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★☆☆☆☆

“There's one thing everyone's conveniently forgotten...”

Written on: 14/03/2004 by sean lawston (1 review written)

Good Points
Some good performances.

Bad Points
Poorly structured with horrendous dialogue.

General Comments
There's one thing everyone's conveniently forgotten about Titanic. A while before its release, it was looking like becoming the next Waterworld. With stories of spiralling production costs, tortuous special effects work to reverse all the shadows on deck (or something) and rough edits running at over five hours, this film seemed to have sunk before ever leaving in dock. Several things reversed this run of bad luck.



1) Leonardo DiCaprio. Suddenly catapulted from quality alternative cinema into the glittering Hollywood mainstream. Much to his unconvincing apparent irritation, DiCaprio's ambitions to be a serious actor were torpedoed by his role as the new teenage hearthrob and gay icon. Although the downside to all this is that his earlier films have had much of their credibility destroyed. 'Total Eclipse', which describes the turbulent relationship between French poets Rimbaud and Verlaine, suddenly became reduced to THE FILM WHERE DICAPRIO BARES ALL!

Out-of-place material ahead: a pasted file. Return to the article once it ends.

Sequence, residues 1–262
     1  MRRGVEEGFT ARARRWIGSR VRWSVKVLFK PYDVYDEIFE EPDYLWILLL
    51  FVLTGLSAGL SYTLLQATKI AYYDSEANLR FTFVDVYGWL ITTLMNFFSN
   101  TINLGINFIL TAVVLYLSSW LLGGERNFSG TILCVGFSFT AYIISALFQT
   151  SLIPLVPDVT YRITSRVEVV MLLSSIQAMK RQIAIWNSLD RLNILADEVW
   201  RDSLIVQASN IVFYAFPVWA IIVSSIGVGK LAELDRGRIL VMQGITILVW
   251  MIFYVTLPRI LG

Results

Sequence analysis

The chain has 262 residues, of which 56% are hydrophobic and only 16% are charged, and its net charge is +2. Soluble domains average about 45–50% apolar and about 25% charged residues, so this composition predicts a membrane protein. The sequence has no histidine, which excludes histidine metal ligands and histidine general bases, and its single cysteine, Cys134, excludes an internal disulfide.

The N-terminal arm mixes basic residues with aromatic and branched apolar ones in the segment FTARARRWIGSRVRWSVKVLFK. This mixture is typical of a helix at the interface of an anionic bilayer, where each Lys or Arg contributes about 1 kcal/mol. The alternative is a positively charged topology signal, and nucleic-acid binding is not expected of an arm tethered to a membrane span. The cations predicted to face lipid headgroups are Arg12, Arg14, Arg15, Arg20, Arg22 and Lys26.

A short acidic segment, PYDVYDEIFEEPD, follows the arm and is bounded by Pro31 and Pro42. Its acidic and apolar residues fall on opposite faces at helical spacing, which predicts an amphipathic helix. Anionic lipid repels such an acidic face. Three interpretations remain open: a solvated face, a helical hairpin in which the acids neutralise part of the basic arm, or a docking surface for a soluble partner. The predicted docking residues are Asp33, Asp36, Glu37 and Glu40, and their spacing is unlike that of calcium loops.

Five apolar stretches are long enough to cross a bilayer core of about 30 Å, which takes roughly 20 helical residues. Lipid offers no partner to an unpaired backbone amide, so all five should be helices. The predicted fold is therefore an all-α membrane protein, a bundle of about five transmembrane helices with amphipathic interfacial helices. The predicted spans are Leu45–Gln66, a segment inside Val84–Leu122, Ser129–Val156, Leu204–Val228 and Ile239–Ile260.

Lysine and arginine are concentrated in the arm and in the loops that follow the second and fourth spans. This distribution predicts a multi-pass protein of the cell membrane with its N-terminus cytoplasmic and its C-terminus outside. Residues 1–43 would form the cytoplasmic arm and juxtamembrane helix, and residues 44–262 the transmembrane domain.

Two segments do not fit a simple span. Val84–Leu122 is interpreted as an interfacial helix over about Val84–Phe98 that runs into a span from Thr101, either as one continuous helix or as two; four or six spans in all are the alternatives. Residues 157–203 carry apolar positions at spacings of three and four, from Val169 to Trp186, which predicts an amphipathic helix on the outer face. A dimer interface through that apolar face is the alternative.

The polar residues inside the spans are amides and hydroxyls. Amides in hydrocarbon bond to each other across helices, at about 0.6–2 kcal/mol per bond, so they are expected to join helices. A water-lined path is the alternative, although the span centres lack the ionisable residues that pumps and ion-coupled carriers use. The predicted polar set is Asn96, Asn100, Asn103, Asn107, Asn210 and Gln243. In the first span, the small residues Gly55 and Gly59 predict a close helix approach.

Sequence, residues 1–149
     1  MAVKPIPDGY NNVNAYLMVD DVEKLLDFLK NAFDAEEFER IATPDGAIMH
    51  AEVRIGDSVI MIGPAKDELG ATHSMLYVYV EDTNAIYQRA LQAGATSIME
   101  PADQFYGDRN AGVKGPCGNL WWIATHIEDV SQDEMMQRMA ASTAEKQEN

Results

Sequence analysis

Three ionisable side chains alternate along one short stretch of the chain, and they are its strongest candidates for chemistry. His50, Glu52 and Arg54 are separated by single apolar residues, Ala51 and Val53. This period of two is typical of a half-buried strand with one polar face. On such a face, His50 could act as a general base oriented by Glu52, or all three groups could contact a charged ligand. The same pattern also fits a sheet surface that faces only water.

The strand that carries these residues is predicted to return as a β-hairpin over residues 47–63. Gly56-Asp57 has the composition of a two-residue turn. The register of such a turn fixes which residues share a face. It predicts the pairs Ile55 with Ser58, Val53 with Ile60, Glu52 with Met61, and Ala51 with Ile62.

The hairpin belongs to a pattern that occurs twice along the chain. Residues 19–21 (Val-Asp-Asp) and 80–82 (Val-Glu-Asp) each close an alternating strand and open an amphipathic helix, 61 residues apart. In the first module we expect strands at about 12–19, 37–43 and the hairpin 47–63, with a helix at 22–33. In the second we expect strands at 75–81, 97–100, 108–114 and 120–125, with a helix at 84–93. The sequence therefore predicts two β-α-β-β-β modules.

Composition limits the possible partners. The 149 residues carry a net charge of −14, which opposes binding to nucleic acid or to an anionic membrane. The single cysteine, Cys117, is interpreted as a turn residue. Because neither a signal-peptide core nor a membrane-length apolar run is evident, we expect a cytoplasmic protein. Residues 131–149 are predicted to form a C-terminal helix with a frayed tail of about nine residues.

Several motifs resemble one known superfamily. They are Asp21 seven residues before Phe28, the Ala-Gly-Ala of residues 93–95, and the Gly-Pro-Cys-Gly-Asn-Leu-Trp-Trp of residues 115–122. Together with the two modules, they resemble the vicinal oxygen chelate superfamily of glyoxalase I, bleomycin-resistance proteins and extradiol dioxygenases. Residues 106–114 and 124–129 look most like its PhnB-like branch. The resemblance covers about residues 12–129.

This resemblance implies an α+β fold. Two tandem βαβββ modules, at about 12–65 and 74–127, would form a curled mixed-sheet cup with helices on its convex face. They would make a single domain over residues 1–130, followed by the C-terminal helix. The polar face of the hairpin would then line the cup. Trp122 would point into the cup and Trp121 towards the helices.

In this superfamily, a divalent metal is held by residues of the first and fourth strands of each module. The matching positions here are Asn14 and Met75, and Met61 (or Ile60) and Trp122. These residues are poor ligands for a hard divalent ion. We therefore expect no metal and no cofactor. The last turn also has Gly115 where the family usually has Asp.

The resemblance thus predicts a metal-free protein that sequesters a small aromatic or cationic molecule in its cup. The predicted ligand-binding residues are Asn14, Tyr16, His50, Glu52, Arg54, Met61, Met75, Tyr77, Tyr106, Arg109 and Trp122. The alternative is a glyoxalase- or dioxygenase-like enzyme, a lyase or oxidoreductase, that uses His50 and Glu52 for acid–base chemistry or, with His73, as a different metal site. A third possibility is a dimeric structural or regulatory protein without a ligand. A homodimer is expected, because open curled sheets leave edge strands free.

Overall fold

2) Kate Winslett. Likewise promoted from the second division of worthy costume dramas, Kate provided some classic good acting, to draw the arthouse audiences.



3) Special effects. To be fair, the shot of the ship leaving port is mind-blowing. Even if I was less convinced by some of the later shots of the ship in motion, especially on video.



4) That horrible song. Just as 'Robin Hood, Prince of Thieves' became linked totally with a certain Bryan Adams tune, so Titanic was assured massive publicity by the omnipresence of Celine Dion's never-ending ballad.



So, Kate and Leo's story dominated the late 1990s zeitgeist to a horrifying extent. But was all this hype justified? I think it's pretty clear, a couple of years down the road, that all those pundits who suddenly declared it to be the greatest film ever made should be blushing into their Halliwell's Film Guides, and disembowelling themselves honourably with the VCR remote.



The main problem is that Titanic can not decide what it wants to be. Is it a true depiction of the sinking of one of the most ambitious ships ever built? Or is it a touching story of love conquering class divisions and scruffy porn artists?



Cameron, clearly, is obsessed with the sinking. He wants to show us every single detail of the slow sinking of the iron behemoth, from the iceberg scraping the hull, through every single deck flooding, to the final submersion. But, if this was his goal, why did he present us with such a limited group through whom to relate the process? It all makes for a very confusing second half to the film, as Leo and Kate find ever more contrived reasons to dash around the boat just so they can observe each detail.